“They began to kidnap girls,” Dalya’s mother, Rudayna, explains before the title card. “The war left me no choice. I had to come here with my daughter.” Leaving her husband behind in Turkey, Rudayna comes with Dalya and an older son. We learn little about the son; the focus is first on Dalya and second on her mother. This is about women of two generations adapting to life in Los Angeles.
“Dalya’s Other Country” is about another side of Los Angeles. Fleeing the violence of Aleppo, Syria, Dalya ends up enrolled in a Catholic school in 2013. She is the only Muslim but we see her transform from a shy misfit to a gregarious, giggling girl who remains Muslim in her identity.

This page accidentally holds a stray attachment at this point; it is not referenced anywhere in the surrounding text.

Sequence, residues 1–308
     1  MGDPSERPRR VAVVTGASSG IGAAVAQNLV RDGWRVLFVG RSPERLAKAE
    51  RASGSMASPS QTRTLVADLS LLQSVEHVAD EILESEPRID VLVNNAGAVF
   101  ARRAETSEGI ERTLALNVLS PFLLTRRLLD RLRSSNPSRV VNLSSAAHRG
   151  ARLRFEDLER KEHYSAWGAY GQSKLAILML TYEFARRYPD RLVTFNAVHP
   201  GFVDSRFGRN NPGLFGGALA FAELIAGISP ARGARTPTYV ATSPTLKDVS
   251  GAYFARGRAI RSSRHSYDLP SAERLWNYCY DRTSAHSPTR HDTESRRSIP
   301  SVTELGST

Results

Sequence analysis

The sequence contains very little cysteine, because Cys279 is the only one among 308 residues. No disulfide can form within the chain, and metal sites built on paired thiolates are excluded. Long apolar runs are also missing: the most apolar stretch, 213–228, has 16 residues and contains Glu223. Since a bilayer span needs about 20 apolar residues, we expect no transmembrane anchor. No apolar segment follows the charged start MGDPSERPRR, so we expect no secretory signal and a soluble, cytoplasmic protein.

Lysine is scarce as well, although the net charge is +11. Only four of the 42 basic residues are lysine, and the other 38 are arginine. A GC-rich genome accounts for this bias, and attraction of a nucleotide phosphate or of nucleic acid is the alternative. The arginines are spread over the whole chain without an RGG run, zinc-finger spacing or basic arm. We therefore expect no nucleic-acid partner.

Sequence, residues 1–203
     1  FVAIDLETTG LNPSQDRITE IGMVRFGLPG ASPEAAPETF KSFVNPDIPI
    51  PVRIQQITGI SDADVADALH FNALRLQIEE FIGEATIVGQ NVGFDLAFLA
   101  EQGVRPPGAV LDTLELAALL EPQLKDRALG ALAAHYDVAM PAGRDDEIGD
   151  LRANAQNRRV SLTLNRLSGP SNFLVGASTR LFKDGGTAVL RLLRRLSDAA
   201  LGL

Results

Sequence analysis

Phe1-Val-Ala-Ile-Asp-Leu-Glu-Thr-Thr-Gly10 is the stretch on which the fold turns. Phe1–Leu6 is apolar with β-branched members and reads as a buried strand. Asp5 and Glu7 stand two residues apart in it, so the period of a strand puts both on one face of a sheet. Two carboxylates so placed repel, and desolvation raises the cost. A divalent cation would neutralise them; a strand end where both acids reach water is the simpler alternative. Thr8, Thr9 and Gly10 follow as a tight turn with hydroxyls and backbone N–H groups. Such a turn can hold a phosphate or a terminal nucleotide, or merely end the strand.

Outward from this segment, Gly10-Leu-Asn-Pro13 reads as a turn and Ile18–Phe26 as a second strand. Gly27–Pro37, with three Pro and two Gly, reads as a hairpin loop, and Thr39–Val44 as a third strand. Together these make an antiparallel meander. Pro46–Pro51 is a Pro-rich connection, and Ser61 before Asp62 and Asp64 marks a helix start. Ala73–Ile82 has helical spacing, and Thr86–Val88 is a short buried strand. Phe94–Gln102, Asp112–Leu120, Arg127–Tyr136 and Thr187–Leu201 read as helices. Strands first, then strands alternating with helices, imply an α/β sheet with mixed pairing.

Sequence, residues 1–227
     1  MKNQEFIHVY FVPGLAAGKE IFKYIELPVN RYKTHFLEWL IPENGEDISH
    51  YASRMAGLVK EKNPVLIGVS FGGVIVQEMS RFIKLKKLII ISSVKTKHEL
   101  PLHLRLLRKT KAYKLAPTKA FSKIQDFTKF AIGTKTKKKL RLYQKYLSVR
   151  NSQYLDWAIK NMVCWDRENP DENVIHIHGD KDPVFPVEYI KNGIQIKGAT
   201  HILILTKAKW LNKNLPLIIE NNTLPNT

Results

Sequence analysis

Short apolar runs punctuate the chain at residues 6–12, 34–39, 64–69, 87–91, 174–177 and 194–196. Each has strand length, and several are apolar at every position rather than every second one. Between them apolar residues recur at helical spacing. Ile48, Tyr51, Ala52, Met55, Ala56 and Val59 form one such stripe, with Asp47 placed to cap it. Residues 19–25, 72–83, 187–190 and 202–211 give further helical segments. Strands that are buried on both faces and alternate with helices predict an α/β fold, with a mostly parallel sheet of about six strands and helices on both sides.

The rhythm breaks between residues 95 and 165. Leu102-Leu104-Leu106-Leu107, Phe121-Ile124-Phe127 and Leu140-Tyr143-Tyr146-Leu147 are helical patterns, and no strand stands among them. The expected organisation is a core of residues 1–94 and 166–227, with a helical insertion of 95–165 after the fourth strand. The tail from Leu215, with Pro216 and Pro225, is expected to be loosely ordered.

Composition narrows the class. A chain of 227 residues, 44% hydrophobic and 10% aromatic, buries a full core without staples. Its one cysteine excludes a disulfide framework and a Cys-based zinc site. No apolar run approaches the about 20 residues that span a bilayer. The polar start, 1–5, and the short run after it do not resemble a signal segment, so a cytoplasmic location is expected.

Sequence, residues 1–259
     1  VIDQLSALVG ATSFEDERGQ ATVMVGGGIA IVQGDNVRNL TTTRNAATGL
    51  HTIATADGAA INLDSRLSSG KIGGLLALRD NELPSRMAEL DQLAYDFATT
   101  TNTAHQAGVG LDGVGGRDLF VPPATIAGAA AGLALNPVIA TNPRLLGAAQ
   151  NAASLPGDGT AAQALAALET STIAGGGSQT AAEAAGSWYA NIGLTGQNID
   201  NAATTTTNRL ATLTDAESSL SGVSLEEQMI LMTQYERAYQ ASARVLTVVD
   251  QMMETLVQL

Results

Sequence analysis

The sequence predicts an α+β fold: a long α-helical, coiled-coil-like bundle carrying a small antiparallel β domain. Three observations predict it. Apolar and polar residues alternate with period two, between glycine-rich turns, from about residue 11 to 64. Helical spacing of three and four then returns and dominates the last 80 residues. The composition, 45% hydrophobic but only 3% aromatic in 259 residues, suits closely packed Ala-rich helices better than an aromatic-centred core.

Her mother has other issues to deal with: Her husband, currently living in Turkey, has, without warning, taken another wife, something that she finds unacceptable. The father does come to visit, but the father and mother can’t repair the damage done to their marriage. Both Dalya and her mother Rudayna adjust to the Los Angeles culture and their changing views of women in culture.
As a postscript, at the end of the movie we’re told that Dalya attended both Glendale Community College and Pasadena Community College. While “Dalya’s Other Country” premiered at LAFF, it also screened on PBS and is currently available to view online.